Did calm into a plain. It hail'd them cheerfully,

World! thou may'st hide thy sun, And bid their fears be quiet;

Thy stars of promise hide It hush'd the storm and riot

My heaven will be begin, 'Twas Jesus on the sea !

If Christ within abide!
Then while I ride the surges ·
Of life's uncertain wave;


FOUND IN BLOOM ON CHRISTMAS Eve, 1528. Modest little Stranger, say,

In his errand to restore, Why was this thy natal-day?

The blessings earth possess'd of yore? What could make thee raise thy head From thy cold December bed ?

Thou dost not answer my behestWas it that like the orient star,

Well- seek again thy silent rest, That led the Magii from afar,

Beneath the tempest-driven snow, Thou didst seek to tell his birth,

For thou hast by the modest show Who made thee and thy mother earth

Of thy star-like tiny gem, That while the angel choirs of Heaven

Led my thoughts to Bethlehem,
Proclaim the Saviour, God has given,

And he who does to Jesus lead,
Thou too wouldst raise thy humble voice. May be said to live indeed!
To prove that all things do rejoice,

J. B.



By Mrs. Hannah MORE.

HERE rests the gentlest of the gentler kind;
Her form, tho' fair, a fairer soul enshrined,
In her brief course of Christian, Parent, Wife,
Each duty which exalts or sweetens life,
Found its due exercise: though short the space,
That life is long which is the life of grace!
Youth's strong attachments, all that could endear,
Strove to detain, but failed to fix her here.
Not the loved babes, who filled her streaming eye,
Could keep her spirit from its kindred sky.
Ev'n fond fidelity's heart-broken plaint,
Which moved the Woman, could not shake the Saint.
In God's prospective eye, her work was done,
The prize was gained before the race was run!


Illustrations of Prophecy; in the course and they that understand the of which, many Predictions of Scrip- words of this prophecy.” ture are élucidated : together with nume

A disproportionate importance rous Extracts from the Works of preceding Interpreters. Also, new Illus. may have been attached by some trations of Prophecy, in Five Disserta to the study of prophecy. It may tions ; on an Infidel Power ; the Abyss, have absorbed, and distracted or Bottomless Pit; the Symbolic Drum them: rendered them self. congon; a Millennium; and the coming of Christ. To which is appended, à ceited, dogmatical, and censoSermon on the Kingdom of Christ. In rious. Let these things operate tuo volumes. London: Baynes, and as warnings; but let them not be Holdsworth and Ball. 8vo. £1. 18. alleged as reasons for neglecting 1828.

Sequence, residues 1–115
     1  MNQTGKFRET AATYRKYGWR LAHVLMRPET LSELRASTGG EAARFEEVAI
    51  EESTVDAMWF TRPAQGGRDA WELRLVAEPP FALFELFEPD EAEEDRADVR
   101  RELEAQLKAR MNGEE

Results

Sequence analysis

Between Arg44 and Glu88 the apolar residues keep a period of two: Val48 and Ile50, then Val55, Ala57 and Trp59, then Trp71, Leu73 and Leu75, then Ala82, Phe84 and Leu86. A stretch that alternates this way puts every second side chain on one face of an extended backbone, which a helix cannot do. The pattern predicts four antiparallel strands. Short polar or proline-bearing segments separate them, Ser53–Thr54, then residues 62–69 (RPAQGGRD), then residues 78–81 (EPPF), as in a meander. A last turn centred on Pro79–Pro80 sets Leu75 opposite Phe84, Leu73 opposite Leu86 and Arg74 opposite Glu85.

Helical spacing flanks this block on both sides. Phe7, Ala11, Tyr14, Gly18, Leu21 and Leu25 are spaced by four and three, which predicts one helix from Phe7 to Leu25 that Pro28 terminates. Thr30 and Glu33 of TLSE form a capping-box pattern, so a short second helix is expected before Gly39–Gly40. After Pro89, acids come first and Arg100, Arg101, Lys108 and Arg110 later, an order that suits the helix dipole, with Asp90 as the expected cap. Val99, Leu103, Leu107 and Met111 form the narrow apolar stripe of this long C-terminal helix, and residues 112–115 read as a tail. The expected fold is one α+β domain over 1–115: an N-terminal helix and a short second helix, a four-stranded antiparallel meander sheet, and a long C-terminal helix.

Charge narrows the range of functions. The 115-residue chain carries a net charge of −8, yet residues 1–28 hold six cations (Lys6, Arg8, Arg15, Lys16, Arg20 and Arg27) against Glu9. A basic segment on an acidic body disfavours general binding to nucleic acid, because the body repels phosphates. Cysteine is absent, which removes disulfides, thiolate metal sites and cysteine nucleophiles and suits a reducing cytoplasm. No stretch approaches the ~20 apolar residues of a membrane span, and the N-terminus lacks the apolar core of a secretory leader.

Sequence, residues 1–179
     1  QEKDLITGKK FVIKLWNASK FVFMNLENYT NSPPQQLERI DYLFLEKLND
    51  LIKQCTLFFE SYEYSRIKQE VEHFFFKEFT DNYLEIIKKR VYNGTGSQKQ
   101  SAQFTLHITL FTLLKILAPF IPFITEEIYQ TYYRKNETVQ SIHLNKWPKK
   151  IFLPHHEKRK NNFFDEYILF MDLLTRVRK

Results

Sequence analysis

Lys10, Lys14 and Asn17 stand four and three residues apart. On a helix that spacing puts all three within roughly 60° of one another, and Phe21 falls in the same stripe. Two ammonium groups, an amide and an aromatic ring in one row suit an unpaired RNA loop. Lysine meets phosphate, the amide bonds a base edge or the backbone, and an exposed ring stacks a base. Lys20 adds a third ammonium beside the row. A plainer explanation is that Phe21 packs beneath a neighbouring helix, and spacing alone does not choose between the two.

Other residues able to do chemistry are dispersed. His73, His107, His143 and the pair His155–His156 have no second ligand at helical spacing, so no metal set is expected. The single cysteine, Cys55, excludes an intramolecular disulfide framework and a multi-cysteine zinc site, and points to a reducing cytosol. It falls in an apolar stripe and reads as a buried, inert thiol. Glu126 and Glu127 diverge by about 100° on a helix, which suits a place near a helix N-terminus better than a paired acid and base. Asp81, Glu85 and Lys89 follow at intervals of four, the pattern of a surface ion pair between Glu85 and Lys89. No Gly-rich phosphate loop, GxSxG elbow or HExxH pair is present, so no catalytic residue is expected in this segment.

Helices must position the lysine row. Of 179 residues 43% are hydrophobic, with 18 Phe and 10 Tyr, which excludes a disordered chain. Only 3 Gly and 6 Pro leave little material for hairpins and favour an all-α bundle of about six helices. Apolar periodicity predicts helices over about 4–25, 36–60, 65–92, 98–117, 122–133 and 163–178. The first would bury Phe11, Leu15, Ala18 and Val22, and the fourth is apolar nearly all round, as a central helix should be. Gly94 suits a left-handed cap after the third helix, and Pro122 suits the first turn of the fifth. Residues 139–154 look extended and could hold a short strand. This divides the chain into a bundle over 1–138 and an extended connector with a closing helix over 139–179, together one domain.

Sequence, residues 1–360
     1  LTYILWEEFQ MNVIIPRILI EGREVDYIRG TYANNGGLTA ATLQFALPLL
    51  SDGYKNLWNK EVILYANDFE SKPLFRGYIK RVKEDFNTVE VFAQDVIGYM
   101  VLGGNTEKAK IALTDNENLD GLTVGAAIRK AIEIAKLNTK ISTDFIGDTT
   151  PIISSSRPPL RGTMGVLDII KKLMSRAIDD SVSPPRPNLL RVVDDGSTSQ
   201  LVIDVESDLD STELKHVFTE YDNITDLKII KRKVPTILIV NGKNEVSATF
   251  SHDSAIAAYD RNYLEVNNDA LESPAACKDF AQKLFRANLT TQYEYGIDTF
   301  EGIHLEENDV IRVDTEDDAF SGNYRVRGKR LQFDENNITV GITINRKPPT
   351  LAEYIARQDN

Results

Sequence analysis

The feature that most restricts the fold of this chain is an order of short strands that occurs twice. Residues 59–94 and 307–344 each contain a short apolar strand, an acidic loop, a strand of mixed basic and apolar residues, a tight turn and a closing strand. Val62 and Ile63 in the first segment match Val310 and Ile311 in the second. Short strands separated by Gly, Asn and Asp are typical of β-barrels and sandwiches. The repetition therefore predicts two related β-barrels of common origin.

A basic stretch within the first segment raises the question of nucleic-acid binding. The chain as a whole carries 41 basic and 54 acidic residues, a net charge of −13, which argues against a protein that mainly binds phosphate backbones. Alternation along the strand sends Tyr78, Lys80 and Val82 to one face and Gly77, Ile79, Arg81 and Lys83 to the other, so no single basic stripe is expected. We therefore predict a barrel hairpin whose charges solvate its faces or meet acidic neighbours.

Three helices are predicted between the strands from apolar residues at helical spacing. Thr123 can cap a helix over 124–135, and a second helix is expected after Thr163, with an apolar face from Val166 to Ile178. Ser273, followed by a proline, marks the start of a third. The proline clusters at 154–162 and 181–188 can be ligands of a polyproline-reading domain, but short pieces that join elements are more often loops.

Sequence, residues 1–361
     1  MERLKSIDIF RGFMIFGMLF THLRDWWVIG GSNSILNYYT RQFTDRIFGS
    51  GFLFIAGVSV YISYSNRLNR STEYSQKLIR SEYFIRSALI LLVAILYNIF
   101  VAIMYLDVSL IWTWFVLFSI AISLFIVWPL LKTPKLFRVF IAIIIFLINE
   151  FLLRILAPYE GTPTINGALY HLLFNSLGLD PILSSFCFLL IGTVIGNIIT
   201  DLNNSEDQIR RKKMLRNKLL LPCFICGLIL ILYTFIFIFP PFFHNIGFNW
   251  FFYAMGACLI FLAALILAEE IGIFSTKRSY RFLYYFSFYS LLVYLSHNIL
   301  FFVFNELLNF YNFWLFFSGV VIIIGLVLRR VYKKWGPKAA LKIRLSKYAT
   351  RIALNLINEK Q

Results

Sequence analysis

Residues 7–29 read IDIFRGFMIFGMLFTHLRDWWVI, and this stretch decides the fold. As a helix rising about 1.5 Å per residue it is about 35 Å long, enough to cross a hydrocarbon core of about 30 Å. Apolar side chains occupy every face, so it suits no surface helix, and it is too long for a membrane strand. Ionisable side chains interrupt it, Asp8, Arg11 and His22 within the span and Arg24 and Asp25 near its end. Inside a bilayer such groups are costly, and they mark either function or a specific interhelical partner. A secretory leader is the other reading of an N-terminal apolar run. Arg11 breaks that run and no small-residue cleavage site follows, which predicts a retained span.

to comply with a commanded ATTENTION to every part of the duty, and for not endeavouring word of God must always be re- to ascertain the mind of God. garded with approbation by the As the very mistakes of good men genuine Christian. As it is all are adapted to instruct, and as given by divine inspiration, so it the labours of others are calcuis all « profitable for teaching, lated to induce modesty and hufor conviction, for correction, and mility, especially in such a purfor discipline in righteousness, suit as this, it may not be amiss that the man of God may be per- to take a short review of the infect and thoroughly fitted for terpretation of prophecy, and of every good work.” While dif- some of the periods of prophetic ferent degrees of importance may excitement. be attached to various parts of Among the early writers of the revelation of God, the man the church, it will not be expected who would lightly estimate any that much attention would be part of it, must incur the dis- paid to prophecy, or at least, pleasure of God, and can only that they would throw much light be regarded as presumptuously upon it. The early fathers were arraigning the divine wisdom. no great adepts in the science of Distorted views may be taken of criticism or exposition, and living the Scriptures, and a false judg- remote from the period of proment may be formed of their seve- phetic fulfilment, their labours ral parts, by which they may be and speculations on that subject disarranged and injured ; but this were not likely to be very succan form no just apology for ne- cessful. Possessed of the doubtglect or indifference of any word ful advantage of primitive tradiwhich the Spirit of God hath tion, they gave to many of their spoken.

statements a fictitious authority, That it is the duty of the peo- and contributed to corrupt, as ple of God “to give heed to the much as to benefit the church. sure word of prophecy, until the He who would ascertain the day dawn, and the day star prevalent sentiments of the period, arise," all must acknowledge. from their writings, will frequently And that their interest and their find himself either greatly disduty are combined together, must appointed, or involved in a mass be evident, while it is said, of contradiction, which scarcely “ Blessed is he that readeth, admits of being reconciled.

X. S. NO. 49.